Cabinet advances reappointment of Yamina’s Kahana as minister

Move requires vote in Knesset, where coalition lacks majority, so ministers also approve MK’s appointment as deputy minister, as it doesn’t require plenum vote

Then-minister of religious affairs Matan Kahana arrives to a cabinet meeting at the Prime Minister's Office in Jerusalem on May 1, 2022. (Yonatan Sindel/Flash90)
Then-minister of religious affairs Matan Kahana arrives to a cabinet meeting at the Prime Minister's Office in Jerusalem on May 1, 2022. (Yonatan Sindel/Flash90)

The cabinet on Monday voted to approve Yamina MK Matan Kahana’s reappointment as religious affairs minister, after he gave up the post on Friday in order to return to the Knesset.

Under the so-called Norwegian Law, Kahana was required to resign from his ministerial post in order to become an MK again.

His return to the Knesset meant the ousting of Yamina’s Yomtob Kalfon, who became an MK last year, when Kahana resigned in order to focus solely on his ministerial post.

Prime Minister Naftali Bennett reportedly put the move in motion upon learning that Kalfon was planning to defect and vote against the coalition in order to bring about its collapse.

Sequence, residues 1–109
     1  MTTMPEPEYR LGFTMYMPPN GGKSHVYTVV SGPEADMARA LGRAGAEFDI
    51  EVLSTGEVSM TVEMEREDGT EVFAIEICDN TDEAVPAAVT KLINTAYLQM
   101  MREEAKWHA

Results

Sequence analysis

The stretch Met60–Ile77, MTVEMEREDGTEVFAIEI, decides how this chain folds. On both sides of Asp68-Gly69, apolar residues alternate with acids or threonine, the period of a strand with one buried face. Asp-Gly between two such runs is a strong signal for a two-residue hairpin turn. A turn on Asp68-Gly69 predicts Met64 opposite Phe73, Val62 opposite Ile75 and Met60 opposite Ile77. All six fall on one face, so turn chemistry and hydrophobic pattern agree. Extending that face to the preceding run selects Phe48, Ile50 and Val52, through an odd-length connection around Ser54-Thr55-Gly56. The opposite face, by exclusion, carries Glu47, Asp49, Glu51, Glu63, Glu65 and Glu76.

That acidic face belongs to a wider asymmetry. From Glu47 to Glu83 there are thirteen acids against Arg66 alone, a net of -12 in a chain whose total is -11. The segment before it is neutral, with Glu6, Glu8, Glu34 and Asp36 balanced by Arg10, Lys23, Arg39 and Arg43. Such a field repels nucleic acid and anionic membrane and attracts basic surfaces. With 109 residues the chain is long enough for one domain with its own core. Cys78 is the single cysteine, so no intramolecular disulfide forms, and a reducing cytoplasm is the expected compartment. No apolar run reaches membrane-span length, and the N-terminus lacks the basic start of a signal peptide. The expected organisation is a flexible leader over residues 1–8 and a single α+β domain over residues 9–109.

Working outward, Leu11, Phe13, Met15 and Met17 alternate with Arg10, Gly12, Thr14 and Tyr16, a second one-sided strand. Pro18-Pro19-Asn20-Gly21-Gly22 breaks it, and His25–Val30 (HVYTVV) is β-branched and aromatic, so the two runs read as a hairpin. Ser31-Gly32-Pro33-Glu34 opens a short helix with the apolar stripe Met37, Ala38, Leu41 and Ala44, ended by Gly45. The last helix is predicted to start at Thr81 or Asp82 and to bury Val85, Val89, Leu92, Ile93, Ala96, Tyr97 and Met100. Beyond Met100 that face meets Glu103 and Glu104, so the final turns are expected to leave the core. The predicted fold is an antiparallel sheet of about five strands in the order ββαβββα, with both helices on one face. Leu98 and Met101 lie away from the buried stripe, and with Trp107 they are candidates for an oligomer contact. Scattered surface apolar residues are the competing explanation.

After Kahana’s candidacy was advanced in a telephone vote by cabinet ministers, it will be brought before the Knesset, where a majority is required for the Yamina lawmaker to again become religious affairs minister.

However, following Yamina MK Idit Silman’s decision to resign from the coalition last month, the ruling bloc has only 60 MKs — one less than a majority in the 120-member Knesset, making the vote a difficult task.

Yamina MK Yomtob Kalfon leads a Knesset Constitution Committee meeting at the Knesset in Jerusalem on March 15, 2022. (Olivier Fitoussi/Flash90)

In the meantime, the cabinet also approved Kahana’s appointment as deputy religious affairs minister — a step that does not require any approval from the Knesset.

Kalfon broke his silence on Monday, telling Channel 12 that he had been shocked by Bennett’s decision to yank him from the Knesset, while insisting that he had no plans to defect as Silman had done.

Publicly, Bennett has avoided suggesting that Kalfon was going to jump ship.

“I want to thank MK Yomtob Kalfon… for his important service on behalf of immigrant absorption,” Bennett tweeted Saturday.

“Yomtob fought to absorb Jews from all around the world at the same time that he worked tirelessly on behalf of settlements in Judea and Samaria,” the prime minister added. “I am convinced that Yomtob will continue to fill central public roles and will still contribute greatly to the people of Israel and the State of Israel.”

On Friday afternoon, Kahana announced that he would be resigning as minister and returning as a member of the Knesset in order to “strengthen the coalition.”

Army Radio reported on Saturday that Bennett offered Kalfon a variety of positions outside the Knesset in an effort to part ways on positive terms. According to the report, Kalfon had yet to decide if he will accept any of the offers.

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